What is an STI/STD and how can you get one?
A sexually transmitted infection (STI) or sexually transmitted disease (STD) is simply an infection or disease passed through sexual contact. This could be sexual intercourse, oral sex, anal sex, skin to skin contact, or contact with bodily fluids (including blood, semen, saliva, and vaginal discharge). How can I prevent myself from catching one?
The best way to protect yourself from STIs and STDs is by practicing safe sex every single time. This means using barrier methods of protection such as femidoms, condoms, and dental dams. Even if you're in a monogamous relationship, only having sex with one person who is also only having sex with you, don't assume you're automatically safe. Equally, it's important to remember that methods of contraception like the implant, IUD, the pill and the depo injection do not protect you from STIs and STDs. How do I know if I've got one?
Some STIs/STDs don't always present themselves with symptoms. You could be infected and not even know it. For this reason, it's really important to be regularly tested. If you are experiencing symptoms, it's important to be checked ASAP.I think I might have an STI. What should I do?
If you are experiencing symptoms or feel like you may have one, it's important to get checked ASAP. STIs don't go away by themselves, and the sooner you're tested the easier it will be to treat. If you leave it too long, you risk more serious health problems. STIs that are left can cause infertility.How regularly should I be tested?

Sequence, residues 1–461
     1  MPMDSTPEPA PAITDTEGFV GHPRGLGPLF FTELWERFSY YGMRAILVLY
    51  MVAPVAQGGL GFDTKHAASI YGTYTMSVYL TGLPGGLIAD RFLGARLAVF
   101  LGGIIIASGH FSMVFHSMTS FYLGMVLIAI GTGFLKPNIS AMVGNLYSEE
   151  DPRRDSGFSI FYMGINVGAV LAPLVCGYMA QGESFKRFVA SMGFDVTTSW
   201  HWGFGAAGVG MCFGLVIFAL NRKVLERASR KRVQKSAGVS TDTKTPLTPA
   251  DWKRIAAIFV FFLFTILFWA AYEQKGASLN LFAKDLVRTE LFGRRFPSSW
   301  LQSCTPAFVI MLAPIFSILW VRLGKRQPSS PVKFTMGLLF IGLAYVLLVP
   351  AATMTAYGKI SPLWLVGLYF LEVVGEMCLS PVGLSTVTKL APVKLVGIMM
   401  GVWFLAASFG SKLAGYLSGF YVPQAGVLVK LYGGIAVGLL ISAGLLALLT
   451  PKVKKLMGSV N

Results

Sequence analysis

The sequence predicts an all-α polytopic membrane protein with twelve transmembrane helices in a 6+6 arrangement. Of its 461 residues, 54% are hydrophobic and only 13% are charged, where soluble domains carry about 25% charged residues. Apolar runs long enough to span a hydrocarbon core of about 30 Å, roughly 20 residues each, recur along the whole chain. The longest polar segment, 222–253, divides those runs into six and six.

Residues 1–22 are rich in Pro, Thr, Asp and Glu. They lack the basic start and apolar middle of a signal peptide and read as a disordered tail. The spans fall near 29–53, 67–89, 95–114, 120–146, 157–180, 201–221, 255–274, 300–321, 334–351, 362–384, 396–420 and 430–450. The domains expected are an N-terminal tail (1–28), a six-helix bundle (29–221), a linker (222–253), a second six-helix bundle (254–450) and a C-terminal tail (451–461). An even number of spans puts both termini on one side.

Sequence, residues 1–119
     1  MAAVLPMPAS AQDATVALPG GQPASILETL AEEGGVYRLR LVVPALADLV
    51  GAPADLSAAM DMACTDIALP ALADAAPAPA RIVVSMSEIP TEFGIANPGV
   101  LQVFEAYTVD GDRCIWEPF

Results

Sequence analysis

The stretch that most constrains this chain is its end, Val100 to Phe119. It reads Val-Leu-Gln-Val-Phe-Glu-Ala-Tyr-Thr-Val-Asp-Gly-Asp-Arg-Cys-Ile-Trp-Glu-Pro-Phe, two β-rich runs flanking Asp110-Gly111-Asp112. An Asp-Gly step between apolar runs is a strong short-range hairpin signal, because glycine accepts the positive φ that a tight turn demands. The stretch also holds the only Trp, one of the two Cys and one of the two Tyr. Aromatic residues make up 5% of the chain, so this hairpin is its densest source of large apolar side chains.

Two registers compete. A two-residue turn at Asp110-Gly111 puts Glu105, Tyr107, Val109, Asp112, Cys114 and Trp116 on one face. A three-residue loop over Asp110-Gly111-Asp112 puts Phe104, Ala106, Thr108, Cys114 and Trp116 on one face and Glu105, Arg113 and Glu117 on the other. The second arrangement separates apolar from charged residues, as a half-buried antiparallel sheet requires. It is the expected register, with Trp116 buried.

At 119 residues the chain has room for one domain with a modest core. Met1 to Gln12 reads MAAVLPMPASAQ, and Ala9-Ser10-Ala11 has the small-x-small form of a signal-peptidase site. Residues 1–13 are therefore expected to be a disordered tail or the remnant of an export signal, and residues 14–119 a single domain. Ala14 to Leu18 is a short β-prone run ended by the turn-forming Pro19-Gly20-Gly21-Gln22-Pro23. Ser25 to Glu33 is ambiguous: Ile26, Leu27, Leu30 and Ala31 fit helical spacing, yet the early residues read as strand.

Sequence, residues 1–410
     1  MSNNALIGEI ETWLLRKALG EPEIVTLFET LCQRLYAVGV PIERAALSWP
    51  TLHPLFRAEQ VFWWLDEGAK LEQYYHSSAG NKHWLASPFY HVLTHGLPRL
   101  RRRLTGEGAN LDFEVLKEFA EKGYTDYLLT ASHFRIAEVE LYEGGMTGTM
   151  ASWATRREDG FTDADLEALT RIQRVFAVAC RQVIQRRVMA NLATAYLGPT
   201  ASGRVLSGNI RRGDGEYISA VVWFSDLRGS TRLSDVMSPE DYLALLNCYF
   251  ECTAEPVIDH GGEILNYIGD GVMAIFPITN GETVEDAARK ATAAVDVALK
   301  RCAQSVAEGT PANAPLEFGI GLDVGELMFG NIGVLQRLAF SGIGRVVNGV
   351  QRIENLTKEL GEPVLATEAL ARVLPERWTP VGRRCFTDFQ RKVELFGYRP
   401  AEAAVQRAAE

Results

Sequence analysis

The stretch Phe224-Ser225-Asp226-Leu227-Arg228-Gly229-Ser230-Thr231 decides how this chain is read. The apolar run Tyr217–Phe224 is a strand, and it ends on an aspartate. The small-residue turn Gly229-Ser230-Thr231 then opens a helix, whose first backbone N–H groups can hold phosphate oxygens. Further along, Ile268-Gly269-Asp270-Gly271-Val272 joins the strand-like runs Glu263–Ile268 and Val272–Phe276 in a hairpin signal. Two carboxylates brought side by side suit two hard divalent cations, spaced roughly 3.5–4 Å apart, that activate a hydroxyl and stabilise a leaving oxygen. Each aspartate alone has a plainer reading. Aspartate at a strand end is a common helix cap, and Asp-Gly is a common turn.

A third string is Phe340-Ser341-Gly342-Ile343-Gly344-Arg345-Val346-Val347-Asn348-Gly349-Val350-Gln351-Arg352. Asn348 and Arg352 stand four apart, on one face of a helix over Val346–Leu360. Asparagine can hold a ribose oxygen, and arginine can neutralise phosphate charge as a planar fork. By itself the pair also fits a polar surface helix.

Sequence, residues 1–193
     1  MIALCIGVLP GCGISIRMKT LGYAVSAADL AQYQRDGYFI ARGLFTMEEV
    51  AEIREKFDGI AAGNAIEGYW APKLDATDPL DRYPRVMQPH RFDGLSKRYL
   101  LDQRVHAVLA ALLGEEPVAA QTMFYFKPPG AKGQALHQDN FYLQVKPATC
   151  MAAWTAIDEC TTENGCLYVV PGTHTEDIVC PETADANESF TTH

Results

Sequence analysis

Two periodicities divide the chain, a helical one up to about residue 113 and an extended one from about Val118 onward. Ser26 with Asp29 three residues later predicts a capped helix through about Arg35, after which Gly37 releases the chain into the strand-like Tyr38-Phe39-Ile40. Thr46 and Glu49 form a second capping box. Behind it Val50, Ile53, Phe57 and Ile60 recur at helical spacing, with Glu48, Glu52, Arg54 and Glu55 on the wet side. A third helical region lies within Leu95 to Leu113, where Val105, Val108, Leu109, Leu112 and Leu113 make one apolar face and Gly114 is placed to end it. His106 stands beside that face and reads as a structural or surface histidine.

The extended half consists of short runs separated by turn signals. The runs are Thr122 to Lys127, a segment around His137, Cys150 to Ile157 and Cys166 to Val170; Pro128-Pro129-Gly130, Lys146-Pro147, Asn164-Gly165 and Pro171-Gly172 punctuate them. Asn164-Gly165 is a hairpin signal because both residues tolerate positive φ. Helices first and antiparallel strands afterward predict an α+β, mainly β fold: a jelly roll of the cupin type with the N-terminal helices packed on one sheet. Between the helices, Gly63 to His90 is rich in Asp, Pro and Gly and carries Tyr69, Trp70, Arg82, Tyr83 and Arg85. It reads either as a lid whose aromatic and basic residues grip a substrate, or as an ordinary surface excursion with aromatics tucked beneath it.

If you are sexually active, you should be tested every 12 months. On top of that, you should also get tested when you're with a new partner. If you often have sex with different people, it's advised that you get tested even more regularly.Where can I get tested?
Some GP clinics complete STI tests, but not all. You should be able to find this information on their website or via a phone call to reception. You can also make an appointment at your local genitourinary medicine (GUM) clinic or sexual health centre, and some community contraceptive clinics, and some will offer walk in services as well. To find your nearest sexual health clinic, use this tool
on the NHS website or call the Sexual Health Line on 0800 567 123 for free and confidential advice.
Depending on where you live and whether it's funded in your area or not, you can get STI
testing kits online for free. They're sent to you discreetly and following the instructions you take the test and send back what they ask you to. You can often get your results by text..What happens during an STI test?
Check out the What to expect at the Gum Clinic
page for more information about the different types of tests that you will have, but it depends on what you're being tested for. Generally, you may find you're asked to do a blood test, swabs, and/or a urine test.I'm embarrassed/scared. Will it hurt?
It's understandable that you might be embarrassed or scared, but the nurses and doctors at the clinic really have seen it all before, and they'll be very sensitive and understanding. The tests do not hurt, but can feel a bit uncomfortable, but if you think of it as 2 minutes' discomfort for peace of mind that you are safe and healthy, it's not so bad!What are the most common STIs and what are their symptoms?
Take a look at the Sexually Transmitted Diseases Information
page for the lowdown on the most common STIs, their causes, symptoms and treatment. Remember that with some, you won't always have symptoms. STIs can be silently in your system for years which is why it's so important to get tested regularly even if you don't have any symptoms.Where can I find out more?
For more information about STIs and getting checked out, check out the following places:NHSBBC Sexual HealthFamily Planning Association Information